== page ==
According to the World Bank, six of the world’s ten most polluted cities are in China. It is also a very inefficient user of energy requiring 4.7 times as much energy to produce a unit of GDP than in the U.S., a consequence of subsidized fuel in China leaving little incentive to implement energy saving technology and lax environmental regulation. The energy subsidies and the lack of environmental regulation contribute to the cost advantage enjoyed by Chinese producers. And, according to BusinessWeek, China is becoming even less efficient in its energy usage:
China's Dirty Face, BusinessWeek Slide Show: As the Middle Kingdom's economy has grown, so have the environmental costs of largely unregulated growth. Despite a clean-up of Beijing and a handful of other big cities, most of China is still reeling from the devastation wrought by three decades of communist industrial development and the subsequent 25 years of quasi-capitalism. ... Of the world's 10 most-polluted cities, 6 are in China, according to the World Bank, which estimates that pollution costs China more than $54 billion a year in environmental damage and health problems.
The problems are compounded by China's inefficient use of electricity, oil, and coal. China consumes 4.7 times as much energy as the U.S. to produce each dollar of GDP-- and 11.5 times as much as Japan. Alarmingly, the nation is getting less efficient, not more. After making steady progress in energy efficiency for two decades, China has been consuming energy at a rate faster than its GDP since 2002.
Coal may be the biggest culprit. China has tens of thousands of small mines that pay scant attention to environmental concerns or safety ... Such neglect helps keep costs down, so most of China's electricity comes from power plants that burn high-sulfur coal. Worse, few have effective emission controls, a big contributor to the acid rain that falls on one-third of the country.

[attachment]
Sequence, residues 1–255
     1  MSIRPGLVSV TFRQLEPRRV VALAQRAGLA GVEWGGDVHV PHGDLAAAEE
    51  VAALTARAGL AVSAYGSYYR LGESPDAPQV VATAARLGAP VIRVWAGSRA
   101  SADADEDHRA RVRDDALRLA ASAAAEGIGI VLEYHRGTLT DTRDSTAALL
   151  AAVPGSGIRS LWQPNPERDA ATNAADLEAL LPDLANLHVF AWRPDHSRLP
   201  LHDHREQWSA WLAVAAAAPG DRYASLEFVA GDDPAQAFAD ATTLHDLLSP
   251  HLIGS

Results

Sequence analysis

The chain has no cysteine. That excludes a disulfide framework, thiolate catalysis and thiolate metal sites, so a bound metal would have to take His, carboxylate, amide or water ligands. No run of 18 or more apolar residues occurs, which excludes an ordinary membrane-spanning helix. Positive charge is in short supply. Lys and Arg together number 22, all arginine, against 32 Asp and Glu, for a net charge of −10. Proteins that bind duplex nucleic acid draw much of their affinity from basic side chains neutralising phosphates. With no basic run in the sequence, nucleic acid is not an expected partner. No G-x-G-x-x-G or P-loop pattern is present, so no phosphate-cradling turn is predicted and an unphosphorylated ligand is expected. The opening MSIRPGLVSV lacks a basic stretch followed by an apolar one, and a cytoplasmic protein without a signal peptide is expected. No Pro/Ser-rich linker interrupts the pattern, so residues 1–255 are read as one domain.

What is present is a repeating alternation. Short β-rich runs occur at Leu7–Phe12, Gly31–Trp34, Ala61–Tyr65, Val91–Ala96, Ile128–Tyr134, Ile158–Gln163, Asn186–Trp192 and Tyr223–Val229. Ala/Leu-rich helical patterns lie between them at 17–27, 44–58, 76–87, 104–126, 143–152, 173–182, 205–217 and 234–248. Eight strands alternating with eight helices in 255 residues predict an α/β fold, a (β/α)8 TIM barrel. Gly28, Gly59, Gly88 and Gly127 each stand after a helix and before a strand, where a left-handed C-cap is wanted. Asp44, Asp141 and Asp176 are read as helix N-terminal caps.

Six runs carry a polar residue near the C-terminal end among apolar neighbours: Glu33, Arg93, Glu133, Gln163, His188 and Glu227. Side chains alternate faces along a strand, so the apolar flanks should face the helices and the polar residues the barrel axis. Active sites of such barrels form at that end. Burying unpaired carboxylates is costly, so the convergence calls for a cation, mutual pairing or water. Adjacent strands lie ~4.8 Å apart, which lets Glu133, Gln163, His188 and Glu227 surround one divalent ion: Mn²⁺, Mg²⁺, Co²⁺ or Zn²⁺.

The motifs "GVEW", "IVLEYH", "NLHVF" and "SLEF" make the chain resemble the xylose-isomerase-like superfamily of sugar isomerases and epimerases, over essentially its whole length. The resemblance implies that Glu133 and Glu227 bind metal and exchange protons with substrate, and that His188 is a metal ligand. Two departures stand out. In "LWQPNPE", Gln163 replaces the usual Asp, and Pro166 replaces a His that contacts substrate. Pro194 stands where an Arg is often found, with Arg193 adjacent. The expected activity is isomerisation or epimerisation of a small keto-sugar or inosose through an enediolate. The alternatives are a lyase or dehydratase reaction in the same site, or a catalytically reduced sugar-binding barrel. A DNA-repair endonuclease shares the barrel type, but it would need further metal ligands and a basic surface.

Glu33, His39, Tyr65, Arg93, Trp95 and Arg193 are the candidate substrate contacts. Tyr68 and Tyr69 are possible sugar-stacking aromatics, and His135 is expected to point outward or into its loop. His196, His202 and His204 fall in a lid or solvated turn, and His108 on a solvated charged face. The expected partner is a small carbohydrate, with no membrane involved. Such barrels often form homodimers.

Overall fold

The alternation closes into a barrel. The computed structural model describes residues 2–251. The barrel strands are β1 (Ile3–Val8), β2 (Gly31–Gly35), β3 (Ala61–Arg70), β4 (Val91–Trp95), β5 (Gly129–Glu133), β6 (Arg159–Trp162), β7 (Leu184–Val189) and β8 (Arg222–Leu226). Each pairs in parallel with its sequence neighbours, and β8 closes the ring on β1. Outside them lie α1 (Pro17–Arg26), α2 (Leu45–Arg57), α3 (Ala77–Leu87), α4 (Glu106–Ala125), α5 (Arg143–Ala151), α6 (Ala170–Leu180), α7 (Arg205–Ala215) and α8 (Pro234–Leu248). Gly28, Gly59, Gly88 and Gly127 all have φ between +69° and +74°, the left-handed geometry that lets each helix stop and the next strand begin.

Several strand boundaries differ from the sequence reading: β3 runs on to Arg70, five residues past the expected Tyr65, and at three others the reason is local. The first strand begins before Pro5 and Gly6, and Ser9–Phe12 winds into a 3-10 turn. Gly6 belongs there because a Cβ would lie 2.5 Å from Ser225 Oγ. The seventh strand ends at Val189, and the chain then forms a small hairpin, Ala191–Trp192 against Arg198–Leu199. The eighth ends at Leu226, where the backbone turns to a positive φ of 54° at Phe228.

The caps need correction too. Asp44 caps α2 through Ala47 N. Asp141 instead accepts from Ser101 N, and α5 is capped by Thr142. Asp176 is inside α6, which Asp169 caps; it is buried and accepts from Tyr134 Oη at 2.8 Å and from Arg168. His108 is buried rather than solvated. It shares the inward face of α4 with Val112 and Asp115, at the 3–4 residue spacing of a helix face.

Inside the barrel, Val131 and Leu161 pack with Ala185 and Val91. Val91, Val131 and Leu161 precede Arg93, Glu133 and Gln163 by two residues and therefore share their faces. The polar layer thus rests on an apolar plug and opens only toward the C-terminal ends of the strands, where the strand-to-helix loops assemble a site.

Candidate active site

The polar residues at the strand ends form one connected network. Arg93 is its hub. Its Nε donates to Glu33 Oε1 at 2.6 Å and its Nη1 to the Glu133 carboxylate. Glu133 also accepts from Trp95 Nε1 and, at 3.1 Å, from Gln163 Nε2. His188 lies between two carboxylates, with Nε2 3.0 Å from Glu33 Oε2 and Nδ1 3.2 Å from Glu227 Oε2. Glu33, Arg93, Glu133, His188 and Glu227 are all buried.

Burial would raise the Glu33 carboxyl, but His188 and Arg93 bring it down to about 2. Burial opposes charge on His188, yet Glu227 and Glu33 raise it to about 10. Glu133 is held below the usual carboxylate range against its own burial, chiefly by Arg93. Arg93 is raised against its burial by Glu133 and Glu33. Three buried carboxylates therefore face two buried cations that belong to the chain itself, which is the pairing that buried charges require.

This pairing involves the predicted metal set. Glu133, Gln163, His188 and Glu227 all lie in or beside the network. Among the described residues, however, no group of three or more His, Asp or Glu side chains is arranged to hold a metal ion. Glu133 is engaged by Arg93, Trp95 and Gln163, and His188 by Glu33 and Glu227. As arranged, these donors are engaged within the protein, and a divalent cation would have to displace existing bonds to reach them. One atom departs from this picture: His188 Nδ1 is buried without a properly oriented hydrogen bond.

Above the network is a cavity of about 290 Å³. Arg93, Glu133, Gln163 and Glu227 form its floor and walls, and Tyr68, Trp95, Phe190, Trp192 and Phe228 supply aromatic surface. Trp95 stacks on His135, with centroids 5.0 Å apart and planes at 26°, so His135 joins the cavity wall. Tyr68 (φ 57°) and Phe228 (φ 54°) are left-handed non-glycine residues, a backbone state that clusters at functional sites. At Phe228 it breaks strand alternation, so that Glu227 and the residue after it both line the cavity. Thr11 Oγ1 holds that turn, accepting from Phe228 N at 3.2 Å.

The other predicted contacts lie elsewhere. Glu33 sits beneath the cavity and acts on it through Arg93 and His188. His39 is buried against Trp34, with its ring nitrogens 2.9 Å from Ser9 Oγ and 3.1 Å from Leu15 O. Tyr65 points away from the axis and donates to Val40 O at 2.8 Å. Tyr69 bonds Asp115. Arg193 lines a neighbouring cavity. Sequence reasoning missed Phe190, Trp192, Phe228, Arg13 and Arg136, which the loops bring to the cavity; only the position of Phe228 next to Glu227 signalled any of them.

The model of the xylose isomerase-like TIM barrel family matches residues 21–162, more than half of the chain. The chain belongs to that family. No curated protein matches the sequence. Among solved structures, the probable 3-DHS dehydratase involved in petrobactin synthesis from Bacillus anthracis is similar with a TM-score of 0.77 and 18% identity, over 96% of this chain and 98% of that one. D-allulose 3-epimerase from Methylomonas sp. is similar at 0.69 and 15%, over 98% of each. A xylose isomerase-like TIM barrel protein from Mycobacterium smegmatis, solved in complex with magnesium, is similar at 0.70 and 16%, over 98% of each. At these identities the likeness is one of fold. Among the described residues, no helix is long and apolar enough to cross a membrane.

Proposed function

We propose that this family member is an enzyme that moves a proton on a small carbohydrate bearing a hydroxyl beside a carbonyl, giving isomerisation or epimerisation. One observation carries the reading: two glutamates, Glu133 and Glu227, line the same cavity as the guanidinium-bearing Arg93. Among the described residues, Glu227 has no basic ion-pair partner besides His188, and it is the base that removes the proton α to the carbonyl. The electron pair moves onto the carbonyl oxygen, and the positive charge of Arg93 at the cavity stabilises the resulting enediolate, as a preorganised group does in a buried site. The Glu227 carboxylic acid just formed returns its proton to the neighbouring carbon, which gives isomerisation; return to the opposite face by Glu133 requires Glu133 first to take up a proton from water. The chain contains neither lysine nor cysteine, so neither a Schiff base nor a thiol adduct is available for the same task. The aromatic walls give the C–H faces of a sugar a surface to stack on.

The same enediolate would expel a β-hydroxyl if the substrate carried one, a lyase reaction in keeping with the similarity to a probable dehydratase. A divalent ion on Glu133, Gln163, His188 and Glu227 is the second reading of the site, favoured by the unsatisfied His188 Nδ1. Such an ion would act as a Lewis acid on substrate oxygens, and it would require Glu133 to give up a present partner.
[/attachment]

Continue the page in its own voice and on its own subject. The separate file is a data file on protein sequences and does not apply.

In its quest for development, China is building highways -- and cars -- at an accelerating pace. There are 26 million cars on the road today, and that number is expected to double by 2010. By then, automobiles are expected to account for nearly two-thirds of China's air pollution. Some officials, though, are trying to hold the line on auto emissions ... And Beijing has equipped more than 2,500 buses with engines powered by natural gas, at a total cost of $26 million.
Some 70% of China's lakes and rivers are heavily polluted, largely because more than 80% of its sewage flows untreated into waterways. What's more, even where waste-treatment gear is installed, some companies opt to pay fines rather than operate expensive equipment. Regulators say that while most major industrial plants have water-treatment facilities, one-third don't operate them at all and another third use them only occasionally. There's a bit of good news: China expects to invest $61 billion in city waste-water treatment facilities between now and 2010…